It was announced today (November 27) that Jeffrey Immelt, 44-year-old president and CEO of GE Medical Systems, will succeed Jack Welch as CEO of GE. A CNN online news flash stated that he is "a natural leader," "ideally suited to lead GE for many years," possessing an imposing "physical presence," "intellectual strength," a "natural sense of humor," and the "ability to present himself well to both Wall Street and the average worker."
Given this, you may conclude that our discussion of the past several weeks about the important qualities and capabilities to be sought in a successor to Welch is moot. But as in any good Harvard Business School case discussion, hindsight provides neither a guide to the future nor necessarily the best response. With that as background, what was your advice (very timely, as it turns out) concerning GE's choice of a possible successor to Jack Welch?
In your responses there was little of the talk heard in the media about whether it will be possible for someone to successfully succeed Welch. The prevailing opinion was that the kind of leadership that Welch has provided and the values he has instilled in GE's management—speed, simplicity, self-confidence, and boundarylessness—are uniquely suited to the preparation of a successor who can take GE in new directions under the umbrella of the same set of values and the behaviors they inspire.
It was assumed that the successor would be named from within the organization. Only one respondent, who for some reason chose to remain anonymous, suggested that "new talent offers new perspectives and insights that insiders cannot see."
As for qualities and capabilities sought in Welch's successor, the discussion yielded mostly the usual suspects. For example, qualities cited (other than the ability to listen, learn, and teach; a vision of the future; and the ability to inspire confidence, which were mentioned in the article) included "energy, dynamism ... tremendous stamina ... a sound understanding of the principles of 'change,'" and a working knowledge of "new" economics, in the opinion of Devdip Ganguli. Roberto Rodriguez added "global thinking" and "entrepreneurial spirit" to the list.
While citing the need for qualities such as "a primal understanding of human nature" and "an intensely human soul that champions dignity and freedom of spirit," Arjun Balakrishnan also pointed out the need for someone with "a solid grasp of big-picture forces ... the ability to understand gender (and) generational diversity ... (who) seeks to surround herself/himself with competent people who are smarter than her/him ... (and who) wields power ... with responsibility and not ego."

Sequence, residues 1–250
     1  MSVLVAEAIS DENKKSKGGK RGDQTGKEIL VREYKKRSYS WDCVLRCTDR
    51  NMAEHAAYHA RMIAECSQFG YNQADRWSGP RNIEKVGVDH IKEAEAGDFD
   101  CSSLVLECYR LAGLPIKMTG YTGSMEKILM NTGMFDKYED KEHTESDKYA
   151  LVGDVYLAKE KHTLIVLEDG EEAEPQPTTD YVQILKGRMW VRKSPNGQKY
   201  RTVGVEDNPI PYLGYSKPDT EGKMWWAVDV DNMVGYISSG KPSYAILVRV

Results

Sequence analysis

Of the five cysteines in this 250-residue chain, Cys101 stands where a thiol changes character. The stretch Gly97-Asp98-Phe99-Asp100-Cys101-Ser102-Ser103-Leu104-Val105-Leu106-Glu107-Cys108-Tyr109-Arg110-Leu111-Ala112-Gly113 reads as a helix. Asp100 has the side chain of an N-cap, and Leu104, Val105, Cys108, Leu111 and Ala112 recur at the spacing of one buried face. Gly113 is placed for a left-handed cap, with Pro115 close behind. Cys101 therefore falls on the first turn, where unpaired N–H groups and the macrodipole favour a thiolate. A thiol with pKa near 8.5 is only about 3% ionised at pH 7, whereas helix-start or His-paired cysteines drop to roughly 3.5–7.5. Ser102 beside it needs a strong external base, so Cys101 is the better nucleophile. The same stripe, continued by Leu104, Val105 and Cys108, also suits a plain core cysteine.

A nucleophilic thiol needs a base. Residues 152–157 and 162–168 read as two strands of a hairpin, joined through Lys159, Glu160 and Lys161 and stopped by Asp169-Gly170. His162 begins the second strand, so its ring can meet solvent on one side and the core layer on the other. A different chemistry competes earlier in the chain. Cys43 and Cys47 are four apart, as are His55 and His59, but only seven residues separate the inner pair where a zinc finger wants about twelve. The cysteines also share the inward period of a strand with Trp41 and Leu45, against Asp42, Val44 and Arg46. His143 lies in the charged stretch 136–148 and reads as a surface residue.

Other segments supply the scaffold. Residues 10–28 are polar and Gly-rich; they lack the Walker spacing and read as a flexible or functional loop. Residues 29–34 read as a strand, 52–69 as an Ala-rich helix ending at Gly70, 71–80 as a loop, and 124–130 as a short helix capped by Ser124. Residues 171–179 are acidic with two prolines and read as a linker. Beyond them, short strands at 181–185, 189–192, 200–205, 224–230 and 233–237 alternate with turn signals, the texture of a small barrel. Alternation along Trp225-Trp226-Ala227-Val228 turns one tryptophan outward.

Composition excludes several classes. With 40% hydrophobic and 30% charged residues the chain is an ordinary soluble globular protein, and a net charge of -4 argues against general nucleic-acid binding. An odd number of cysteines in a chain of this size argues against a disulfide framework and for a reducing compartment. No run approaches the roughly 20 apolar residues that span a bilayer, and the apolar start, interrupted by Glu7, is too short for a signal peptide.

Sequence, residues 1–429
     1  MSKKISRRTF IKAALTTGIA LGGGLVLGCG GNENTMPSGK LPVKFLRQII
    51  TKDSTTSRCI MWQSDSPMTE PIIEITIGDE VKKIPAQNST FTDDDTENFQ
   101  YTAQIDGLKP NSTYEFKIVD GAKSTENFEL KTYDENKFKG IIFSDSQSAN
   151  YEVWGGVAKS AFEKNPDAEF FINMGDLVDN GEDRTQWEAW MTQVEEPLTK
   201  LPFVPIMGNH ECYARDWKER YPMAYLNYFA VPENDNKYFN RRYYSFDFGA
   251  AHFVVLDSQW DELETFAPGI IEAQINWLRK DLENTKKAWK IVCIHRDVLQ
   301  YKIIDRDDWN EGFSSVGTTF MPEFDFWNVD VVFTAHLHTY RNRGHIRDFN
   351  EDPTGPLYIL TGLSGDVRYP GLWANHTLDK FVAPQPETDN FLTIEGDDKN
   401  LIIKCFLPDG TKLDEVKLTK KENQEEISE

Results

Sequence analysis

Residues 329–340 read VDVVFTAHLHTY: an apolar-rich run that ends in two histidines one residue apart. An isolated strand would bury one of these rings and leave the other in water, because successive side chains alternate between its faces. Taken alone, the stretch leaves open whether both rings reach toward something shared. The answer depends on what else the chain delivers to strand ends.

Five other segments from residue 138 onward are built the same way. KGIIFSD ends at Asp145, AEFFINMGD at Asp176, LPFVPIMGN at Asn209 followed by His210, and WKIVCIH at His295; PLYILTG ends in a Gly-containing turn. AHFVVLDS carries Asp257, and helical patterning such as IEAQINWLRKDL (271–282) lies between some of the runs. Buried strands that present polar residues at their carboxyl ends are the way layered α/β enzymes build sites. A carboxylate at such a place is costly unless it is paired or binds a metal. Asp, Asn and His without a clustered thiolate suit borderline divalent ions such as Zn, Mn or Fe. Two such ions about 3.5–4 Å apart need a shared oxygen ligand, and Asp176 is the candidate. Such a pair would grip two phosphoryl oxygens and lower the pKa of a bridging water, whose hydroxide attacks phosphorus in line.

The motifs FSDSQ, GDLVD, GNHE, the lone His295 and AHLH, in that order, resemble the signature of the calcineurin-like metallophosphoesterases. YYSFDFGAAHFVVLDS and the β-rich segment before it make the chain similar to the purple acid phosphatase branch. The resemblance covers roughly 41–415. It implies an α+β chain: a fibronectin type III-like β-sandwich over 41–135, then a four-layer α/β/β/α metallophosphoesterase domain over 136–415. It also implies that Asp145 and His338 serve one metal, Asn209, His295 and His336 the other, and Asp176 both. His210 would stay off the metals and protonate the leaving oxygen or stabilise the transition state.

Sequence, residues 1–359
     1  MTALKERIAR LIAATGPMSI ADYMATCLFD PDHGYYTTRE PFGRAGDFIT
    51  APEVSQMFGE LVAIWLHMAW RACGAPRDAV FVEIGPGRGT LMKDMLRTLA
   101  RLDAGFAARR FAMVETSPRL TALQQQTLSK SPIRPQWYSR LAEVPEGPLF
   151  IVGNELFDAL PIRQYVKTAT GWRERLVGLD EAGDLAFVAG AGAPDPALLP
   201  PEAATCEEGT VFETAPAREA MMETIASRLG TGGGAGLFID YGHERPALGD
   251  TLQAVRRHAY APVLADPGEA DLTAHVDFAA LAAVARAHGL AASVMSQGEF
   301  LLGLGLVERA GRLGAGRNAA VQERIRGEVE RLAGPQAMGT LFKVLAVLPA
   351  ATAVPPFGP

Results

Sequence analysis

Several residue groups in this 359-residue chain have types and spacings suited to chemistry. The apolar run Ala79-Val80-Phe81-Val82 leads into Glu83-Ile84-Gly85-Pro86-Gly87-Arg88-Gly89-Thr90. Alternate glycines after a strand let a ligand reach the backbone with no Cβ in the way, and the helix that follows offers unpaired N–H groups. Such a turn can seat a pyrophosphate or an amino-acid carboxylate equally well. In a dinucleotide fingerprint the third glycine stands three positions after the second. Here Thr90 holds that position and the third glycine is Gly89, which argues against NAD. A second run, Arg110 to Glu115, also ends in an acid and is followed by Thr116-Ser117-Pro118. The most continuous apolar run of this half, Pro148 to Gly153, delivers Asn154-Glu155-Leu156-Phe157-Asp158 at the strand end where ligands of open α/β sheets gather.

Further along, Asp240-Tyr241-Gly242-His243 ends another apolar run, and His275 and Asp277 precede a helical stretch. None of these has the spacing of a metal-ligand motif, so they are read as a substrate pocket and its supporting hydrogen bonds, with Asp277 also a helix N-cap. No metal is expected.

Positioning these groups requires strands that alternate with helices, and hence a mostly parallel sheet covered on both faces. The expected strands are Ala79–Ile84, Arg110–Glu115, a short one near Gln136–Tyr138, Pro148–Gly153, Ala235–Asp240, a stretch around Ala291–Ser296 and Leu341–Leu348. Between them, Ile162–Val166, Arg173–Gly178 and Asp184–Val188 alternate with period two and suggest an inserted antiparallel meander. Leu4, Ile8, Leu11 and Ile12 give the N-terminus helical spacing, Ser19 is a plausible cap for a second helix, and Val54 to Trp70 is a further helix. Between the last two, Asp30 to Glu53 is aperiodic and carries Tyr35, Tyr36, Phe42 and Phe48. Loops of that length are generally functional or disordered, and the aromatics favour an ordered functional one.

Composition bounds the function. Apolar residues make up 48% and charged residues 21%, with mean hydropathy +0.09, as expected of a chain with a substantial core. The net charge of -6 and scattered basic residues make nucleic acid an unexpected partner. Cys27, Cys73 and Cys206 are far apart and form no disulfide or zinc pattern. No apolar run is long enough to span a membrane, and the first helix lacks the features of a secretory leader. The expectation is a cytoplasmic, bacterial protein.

In total, that's a tall order. Jeffrey Immelt, are you up to it?
GE will have a new CEO soon, regardless of whether Jack Welch keeps the job of chairman a bit beyond April 2001. With that in mind, questions arise about what capabilities GE's board should seek in Welch's replacement.
Are there clues in the way Welch was selected in 1980?
At the time, GE was led by Reg Jones, by any measure a tough act to follow. The company's performance had been strong and Jones—suave, dispassionate, and an accountant by background—had been named in several polls as the most outstanding CEO in America as well as a true business statesman in his efforts to build bridges between government and business.
He chose a novel and peculiar way of selecting his successor, asking each candidate in turn whom they would recommend as CEO if the candidate and Jones were both killed in a plane crash. In a second round of interviews, he gave the candidates the opportunity to name themselves as well as other candidates.
As a result of these double rounds of interviews, Jones chose Welch, someone who could not have been more unlike Jones in demeanor and background, someone who had made his name in one of GE's lesser ventures, plastics, and yet someone who obviously had the qualities to lead GE through massive change to the top of the world in terms of corporate value.
Last year I completed a case series on GE, titled "GE ... We Bring Good Things to Life," in which the issue of CEO succession was raised in the last of the two cases. In classes in which I've used the materials for discussion, executive participants have proposed many criteria for the selection of a new CEO. They include personal qualities such as stamina; the abilities to listen, learn, and teach; a vision of the future; and the ability to inspire confidence.
And they include what we might call capabilities, such as comfort with "new economy" ways of doing business; a global outlook; a willingness and ability to partner; and familiarity with various types of businesses, particularly in the service sector. Too often, they have reflected what GE (and other organizations) needed in the past, not the future.
If you were a member of GE's board, what two or three personal qualities and two or three capabilities would be at the top of your list in selecting a successor to Jack Welch? Because GE has had only eight CEOs in its proud 122-year history, beginning with Thomas Alva Edison, you should probably assume that this person will be around awhile.